The Fat Controller’s Problem

So you have designed a new fleet of rail carriages costing 15bn euros to see France into the next generation of public transportation.

You have made sure that they are the state of the art – no expense spared.

You have made sure that the travelling public will flock to their seats to once again experience the unbridled joy of train travel.

You have made sure that the train platforms are the right shape and size to accommodate these new chariots of travel.

Well … lets just say that the French got two out of three.

The BBC, like many news outlets, last week reported:

The French train operator SNCF has discovered that 2,000 new trains it ordered at a cost of 15bn euros ($20.5bn; £12.1bn) are too wide for many regional platforms.

The BBC’s Christian Fraser in Paris says that it is an embarrassing blunder that has so far cost the rail operator over 50m euros ($68.4m; £40.6m).

Our correspondent says that the cost is likely to rise even further.

Construction work has already started to reconfigure station platforms.

The work will allow new trains room to pass through. But officials say that there are still 1,000 platforms to be adjusted.

The error seems to have happened because the national rail operator RFF gave the wrong dimensions to train company SNCF.

Our correspondent says that they measured platforms built less than 30 years ago, overlooking the fact that many of France’s regional platforms were built more than 50 years ago when trains were a little slimmer.

The platform edges are too close to the tracks in some stations which means the trains cannot get in, officials say.

A spokesman for the RFF confirmed they had “discovered the problem a bit late”.

Transport Minister Frederic Cuvillier blamed an “absurd rail system” for the problems.

“When you separate the rail operator from the train company,” he said, “this is what happens.”

Whilst it is tempting to mock the French (you know you want to!) the situation gives rise to three elements of project governance worth considering:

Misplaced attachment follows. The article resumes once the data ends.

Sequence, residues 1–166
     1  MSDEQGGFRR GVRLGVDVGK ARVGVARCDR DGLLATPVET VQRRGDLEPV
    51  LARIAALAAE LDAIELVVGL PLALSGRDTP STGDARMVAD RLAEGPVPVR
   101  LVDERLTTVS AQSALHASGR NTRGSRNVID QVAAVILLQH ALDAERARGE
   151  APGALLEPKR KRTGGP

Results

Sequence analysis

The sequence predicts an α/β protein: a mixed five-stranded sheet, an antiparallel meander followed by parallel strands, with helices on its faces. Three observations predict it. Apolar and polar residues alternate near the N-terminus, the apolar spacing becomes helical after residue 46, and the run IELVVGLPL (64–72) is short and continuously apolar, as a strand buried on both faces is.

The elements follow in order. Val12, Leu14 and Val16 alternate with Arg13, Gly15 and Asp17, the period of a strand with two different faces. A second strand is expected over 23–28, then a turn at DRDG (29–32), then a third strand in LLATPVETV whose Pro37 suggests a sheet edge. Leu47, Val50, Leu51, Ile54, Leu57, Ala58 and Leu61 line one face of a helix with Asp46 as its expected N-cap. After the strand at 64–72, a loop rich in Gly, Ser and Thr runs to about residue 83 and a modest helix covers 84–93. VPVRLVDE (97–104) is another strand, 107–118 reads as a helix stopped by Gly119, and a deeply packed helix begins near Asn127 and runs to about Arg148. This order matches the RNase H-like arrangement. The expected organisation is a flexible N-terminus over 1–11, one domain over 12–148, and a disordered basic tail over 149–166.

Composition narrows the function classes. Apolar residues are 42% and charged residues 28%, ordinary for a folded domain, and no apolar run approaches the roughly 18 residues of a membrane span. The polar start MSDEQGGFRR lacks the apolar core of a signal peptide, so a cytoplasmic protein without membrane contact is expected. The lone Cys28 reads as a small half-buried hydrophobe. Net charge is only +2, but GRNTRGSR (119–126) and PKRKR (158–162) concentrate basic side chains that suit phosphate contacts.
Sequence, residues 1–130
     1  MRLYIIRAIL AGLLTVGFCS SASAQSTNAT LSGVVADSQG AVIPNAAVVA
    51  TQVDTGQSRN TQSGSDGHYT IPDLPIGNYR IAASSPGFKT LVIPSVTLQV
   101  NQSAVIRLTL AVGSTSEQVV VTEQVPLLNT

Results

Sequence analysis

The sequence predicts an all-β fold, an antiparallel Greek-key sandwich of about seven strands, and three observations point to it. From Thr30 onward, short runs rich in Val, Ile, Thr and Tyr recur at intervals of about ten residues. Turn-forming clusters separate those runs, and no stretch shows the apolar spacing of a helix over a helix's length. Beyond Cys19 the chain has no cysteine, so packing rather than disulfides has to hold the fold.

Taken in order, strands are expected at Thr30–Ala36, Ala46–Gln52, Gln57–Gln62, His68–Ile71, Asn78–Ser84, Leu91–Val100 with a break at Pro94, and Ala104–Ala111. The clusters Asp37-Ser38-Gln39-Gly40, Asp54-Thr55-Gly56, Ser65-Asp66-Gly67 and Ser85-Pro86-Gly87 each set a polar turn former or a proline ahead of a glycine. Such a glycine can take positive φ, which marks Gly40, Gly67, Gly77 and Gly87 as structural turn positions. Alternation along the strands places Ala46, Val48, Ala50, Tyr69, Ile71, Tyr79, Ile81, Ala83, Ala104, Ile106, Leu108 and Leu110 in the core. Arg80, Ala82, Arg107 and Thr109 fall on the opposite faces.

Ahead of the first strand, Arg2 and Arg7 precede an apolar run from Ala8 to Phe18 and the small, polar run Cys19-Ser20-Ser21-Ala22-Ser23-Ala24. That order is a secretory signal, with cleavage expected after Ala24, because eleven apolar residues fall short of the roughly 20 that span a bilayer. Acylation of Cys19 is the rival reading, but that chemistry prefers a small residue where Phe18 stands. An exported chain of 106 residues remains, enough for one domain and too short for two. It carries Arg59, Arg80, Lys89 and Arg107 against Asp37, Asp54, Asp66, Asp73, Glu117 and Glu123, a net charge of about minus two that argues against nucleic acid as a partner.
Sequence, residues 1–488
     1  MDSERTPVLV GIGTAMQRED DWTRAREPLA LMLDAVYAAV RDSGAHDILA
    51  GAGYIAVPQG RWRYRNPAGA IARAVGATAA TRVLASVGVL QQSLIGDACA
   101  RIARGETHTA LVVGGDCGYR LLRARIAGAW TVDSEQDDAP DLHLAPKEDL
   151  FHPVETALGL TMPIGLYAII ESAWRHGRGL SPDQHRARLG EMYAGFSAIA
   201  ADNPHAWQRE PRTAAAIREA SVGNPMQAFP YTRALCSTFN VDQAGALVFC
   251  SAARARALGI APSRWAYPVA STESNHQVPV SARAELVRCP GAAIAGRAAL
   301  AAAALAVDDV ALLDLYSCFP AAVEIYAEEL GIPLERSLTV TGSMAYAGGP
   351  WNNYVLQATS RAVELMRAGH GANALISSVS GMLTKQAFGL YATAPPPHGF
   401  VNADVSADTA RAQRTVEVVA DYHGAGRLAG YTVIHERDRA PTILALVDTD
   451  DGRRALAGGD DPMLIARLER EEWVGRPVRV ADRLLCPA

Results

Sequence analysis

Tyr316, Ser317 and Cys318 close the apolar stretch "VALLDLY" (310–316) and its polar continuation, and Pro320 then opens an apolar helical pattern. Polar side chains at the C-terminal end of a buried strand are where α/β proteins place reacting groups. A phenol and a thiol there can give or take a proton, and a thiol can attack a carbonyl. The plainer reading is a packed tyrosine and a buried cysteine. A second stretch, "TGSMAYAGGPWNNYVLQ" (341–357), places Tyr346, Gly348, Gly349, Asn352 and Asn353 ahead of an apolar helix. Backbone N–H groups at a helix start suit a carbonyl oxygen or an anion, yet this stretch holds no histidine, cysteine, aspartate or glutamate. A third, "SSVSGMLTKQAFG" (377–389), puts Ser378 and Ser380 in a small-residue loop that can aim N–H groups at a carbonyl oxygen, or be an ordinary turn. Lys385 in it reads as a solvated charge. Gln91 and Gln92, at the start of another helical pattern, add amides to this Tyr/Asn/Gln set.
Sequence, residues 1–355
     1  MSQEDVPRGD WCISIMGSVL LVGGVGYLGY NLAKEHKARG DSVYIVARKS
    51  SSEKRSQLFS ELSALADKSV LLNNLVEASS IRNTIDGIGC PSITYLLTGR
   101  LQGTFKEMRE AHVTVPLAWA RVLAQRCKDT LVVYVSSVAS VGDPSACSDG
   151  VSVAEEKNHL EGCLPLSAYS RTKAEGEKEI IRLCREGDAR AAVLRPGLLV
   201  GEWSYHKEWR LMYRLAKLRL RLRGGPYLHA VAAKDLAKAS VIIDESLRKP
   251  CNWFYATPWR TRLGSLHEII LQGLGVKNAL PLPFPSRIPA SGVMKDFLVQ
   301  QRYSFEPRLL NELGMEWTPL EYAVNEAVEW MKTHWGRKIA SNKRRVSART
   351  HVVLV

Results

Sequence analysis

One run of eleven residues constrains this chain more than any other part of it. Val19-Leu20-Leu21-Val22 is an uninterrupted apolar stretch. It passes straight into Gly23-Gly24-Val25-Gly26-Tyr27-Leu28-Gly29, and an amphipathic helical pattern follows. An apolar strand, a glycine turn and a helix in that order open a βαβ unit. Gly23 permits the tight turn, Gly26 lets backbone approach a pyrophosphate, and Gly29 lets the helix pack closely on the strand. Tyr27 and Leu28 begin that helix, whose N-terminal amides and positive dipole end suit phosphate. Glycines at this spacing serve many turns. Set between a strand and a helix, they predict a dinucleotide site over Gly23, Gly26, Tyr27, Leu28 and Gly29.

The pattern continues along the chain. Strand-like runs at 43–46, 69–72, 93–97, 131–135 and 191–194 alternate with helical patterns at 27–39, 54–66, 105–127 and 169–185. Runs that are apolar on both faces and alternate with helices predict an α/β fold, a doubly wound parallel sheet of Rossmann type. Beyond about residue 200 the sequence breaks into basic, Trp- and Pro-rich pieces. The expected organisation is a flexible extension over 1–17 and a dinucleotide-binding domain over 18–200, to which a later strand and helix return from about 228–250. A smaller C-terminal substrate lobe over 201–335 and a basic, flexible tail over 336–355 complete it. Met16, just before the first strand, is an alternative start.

• How was it possible that with a project this size that there was not a fit for purpose analysis undertaken?  How was it that someone (anyone!) didn’t sit down and process map out the totality of the user experience – of which one would have thought that entering the platform is a rather fundamental aspect.  That this was overlooked does not give much confidence to the quality of rest of the scenario testing that was applied to this project
  • That RFF “discovered the problem a bit late” screams that there has been / is / likely to continue to be poor communication on this project.  Was it that the problem was always known and that there was a culture of ‘no bad news’ on the project until such time as it was unavoidable that the bad news would surface?  Or was it a case of the problem only recently becoming known in which case what does that say about the quality of the issue identification processes within RFF?
  • Does anyone else have a now uneasy feeling about this project?  Even if it is not representative of the whole; irrespective of the quality of the finished product or the redesign of the platforms to accommodate what ends up happening when there is such an oversight is that it can contaminate how people view the totality of the project.  RFF will need to live with the public relations credibility issues of this matter for many train journeys to come.

All aboard!

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